The annual ‘Onipa’a celebration honoring Queen Lili’uokalani as a leader of peace and justice, the first held in September 2007 at the ‘Iolani Palace. Highlights of this celebration included: 1) Twenty-two displays showing legally significant documents and related photographs in the establishment of the government of the Kingdom of Hawaii, its recognition by the international community including the United States, its “annexation” by the United States and the current relationship between the Native Hawaiian peoples and United States first presented by the Native Hawaiian Bar Association at the 2006 ABA Conference held in Honolulu; 2) the “Queen’s Play” a one- act play re-enactment of a now famous meeting in Hilo in 1897 between Hui Aloha ‘Āina o Nā Wahine (Women’s Hawaiian Patriotic League) and the maka’āinana. The subject of that gathering was the Ku’e Petition against annexation of Hawaii to the United States signed by nearly every kanaka maoli living at that time. 3) the Mai Poina Walking Tours which revisit four pivotal days leading up to and including the overthrow of the Hawaiian monarchy. Written by Victoria Kneubuhl, it was first enacted on the streets of Honolulu in 1993 and then restaged on the grounds of Iolani Palace on August 21, 2009. It has now had its fifth year at the recent 2013 Onipaa event; 4) Exhibits on cultural places, such as Kukaniloko; the Hawaiian Flag; Hawaiian Kingdom postage stamps; Hawaiian Kingdom parliamentary procedures; 5) Ho’omana ia Lili’uokalani, mele, oli, hula, Hawaii’s Story by Hawaii’s Queen readings; and 6) Hawaiian organization exhibits on their mission.

The Hawaii Ponoi Coalition has had other events, such as several years of Mele Lahui in Tamarind Park in Janaury to commemorate the overthrow. The Annexation Debate was performed in February 2012 at Hale Aliiolani. It is a play first performed some 20 years ago, written by Victoria Kneubuhl. The Trial of the Queen is being performed in October 2013 after a hiatus of 20 years and completes what we know as the Mai Poina Trilogy. The performances offered by Mai Poina have come to include chants directed by Manu Kaiama and responses by Youth Speaks Hawaii, as well as conversations with Native Hawaiian scholars whose works appear in the Mai Poina Visitors Guides.

Attendance at Coalition events has varied. The initial ‘Onipa’a celebration in 2007 drew an estimated 5000 attendees from all over the world. Survey results indicated that the event was well received and informative. Subsequent Onipa’a celebrations have drawn more than 3,000 attendees throughout the day.

Mai Poina Walking Tours were filled to capacity, drawing more than 1,300 people annually, many of whom stayed after the tour to discuss the facts of the overthrow with a rotating pool of Native Hawaiian scholars. Results of a survey conducted in 2010 suggest that the tours are extremely well received and raise the level of knowledge about the events of this important time. In 2012 the International Law and Society Center engaged Mai Poina for its attendees. The funds were used to underwrite much of the 2012 September Walking Tours.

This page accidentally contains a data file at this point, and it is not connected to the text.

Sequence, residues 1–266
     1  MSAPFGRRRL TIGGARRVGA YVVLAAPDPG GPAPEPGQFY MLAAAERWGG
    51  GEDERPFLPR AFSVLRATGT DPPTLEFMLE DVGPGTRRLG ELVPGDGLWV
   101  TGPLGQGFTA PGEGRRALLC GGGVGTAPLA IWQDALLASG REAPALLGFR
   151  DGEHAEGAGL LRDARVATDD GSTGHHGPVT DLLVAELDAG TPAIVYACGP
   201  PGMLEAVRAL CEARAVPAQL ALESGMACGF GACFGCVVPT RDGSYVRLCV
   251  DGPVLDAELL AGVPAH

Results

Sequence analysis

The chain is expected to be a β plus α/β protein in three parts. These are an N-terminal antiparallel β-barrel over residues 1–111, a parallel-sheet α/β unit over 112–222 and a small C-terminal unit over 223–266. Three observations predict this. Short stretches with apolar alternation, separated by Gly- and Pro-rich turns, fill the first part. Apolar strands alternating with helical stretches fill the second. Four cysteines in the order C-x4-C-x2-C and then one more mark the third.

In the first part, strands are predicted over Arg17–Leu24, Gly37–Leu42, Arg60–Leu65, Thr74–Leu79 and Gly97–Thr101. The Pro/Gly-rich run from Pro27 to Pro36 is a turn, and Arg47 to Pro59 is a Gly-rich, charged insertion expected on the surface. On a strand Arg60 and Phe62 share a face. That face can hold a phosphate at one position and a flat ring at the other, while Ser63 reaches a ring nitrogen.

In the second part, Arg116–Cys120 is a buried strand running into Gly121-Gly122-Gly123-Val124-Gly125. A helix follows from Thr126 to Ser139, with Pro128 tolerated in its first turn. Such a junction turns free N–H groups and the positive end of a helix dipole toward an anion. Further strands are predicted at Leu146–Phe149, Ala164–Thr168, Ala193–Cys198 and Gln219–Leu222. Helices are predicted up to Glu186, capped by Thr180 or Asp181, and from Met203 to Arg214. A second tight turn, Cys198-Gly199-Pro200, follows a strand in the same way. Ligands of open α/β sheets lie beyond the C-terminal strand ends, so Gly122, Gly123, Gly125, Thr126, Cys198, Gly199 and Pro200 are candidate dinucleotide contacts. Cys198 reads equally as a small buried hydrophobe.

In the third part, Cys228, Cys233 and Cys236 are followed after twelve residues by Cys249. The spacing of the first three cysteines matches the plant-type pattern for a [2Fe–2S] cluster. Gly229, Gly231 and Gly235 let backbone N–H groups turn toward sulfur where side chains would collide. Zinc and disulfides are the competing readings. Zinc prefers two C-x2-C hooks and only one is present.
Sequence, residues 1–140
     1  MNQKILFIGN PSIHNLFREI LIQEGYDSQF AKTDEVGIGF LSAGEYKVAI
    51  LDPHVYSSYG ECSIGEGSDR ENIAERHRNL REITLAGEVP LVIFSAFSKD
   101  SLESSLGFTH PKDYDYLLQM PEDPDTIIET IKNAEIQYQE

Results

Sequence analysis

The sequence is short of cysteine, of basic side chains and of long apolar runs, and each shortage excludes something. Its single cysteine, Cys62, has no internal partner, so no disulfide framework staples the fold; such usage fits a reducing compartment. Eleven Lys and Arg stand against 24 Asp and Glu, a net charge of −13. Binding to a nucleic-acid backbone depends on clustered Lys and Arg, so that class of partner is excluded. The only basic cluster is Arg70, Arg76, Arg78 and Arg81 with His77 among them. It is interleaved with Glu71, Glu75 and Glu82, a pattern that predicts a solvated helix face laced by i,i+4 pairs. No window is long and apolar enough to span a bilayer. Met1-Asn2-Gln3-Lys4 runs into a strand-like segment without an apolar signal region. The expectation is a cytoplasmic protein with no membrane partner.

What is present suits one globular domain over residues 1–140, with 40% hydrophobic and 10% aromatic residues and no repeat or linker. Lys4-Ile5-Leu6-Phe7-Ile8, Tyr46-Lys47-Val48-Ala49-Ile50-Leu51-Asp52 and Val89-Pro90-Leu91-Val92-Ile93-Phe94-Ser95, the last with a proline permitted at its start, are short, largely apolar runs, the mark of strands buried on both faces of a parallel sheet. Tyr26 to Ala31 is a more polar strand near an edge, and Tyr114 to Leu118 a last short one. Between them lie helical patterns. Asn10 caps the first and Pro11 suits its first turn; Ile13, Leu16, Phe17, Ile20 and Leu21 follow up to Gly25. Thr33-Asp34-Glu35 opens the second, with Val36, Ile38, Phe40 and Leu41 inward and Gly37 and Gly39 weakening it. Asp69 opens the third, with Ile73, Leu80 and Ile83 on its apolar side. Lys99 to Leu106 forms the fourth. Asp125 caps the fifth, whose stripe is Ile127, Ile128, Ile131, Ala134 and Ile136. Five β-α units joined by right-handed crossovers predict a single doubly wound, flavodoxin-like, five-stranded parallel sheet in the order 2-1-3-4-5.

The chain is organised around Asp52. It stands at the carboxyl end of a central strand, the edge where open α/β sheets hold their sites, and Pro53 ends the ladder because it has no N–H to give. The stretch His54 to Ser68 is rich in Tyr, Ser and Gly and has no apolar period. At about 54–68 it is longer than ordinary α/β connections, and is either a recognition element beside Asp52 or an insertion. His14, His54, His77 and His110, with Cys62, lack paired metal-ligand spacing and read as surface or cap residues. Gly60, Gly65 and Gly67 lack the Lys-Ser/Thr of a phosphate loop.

The “Annexation Debate” drama held in 2012 at the State Judiciary History Center courtroom attracted over 500 people over a 4-night run.

The Coalition’s events are dependent upon financial and in-kind support from its member organizations: Primary funders have included the Kamehameha Schools, the Office of Hawaiian Affairs, and the Queen Lili‘uokalani Children’s Center. The Friends of ‘Iolani Palace has hosted ‘Onipa’a and opened its doors free to the public (estimated value $30,000). Besides funding, these organizations have also provided staff and logistical services to ‘Onipa’a. In kind volunteer services were provided by other members of the coalition including Alu Like, the Association of Hawaiian Civic Clubs, the Native Hawaiian Bar Association, the Native Hawaiian Legal Corporation, and Pa‘i Foundation. Funding sponsors for the Mai Poina Walking Tours and the Annexation Debate have included: Hawaii Council for the Humanities, Hawai’i People’s Fund, Kamehameha Schools, Chaminade University, King Kamehameha V Judiciary History Center, and more recently the Dolores Furtado Martin Foundation and the Native Hawaiian Roll Commission. All of the actors and staff are paid honorariums which are much reduced.

Trade Name:

Hawaii Pono‘ī Coalition is a registered trade name in the State of Hawaii since 2007. It is not incorporated, and would be considered as an “unincorporated association.

Website

Webmaster: Blaine Fergerstrom. Site: www.hawaiiponoi.info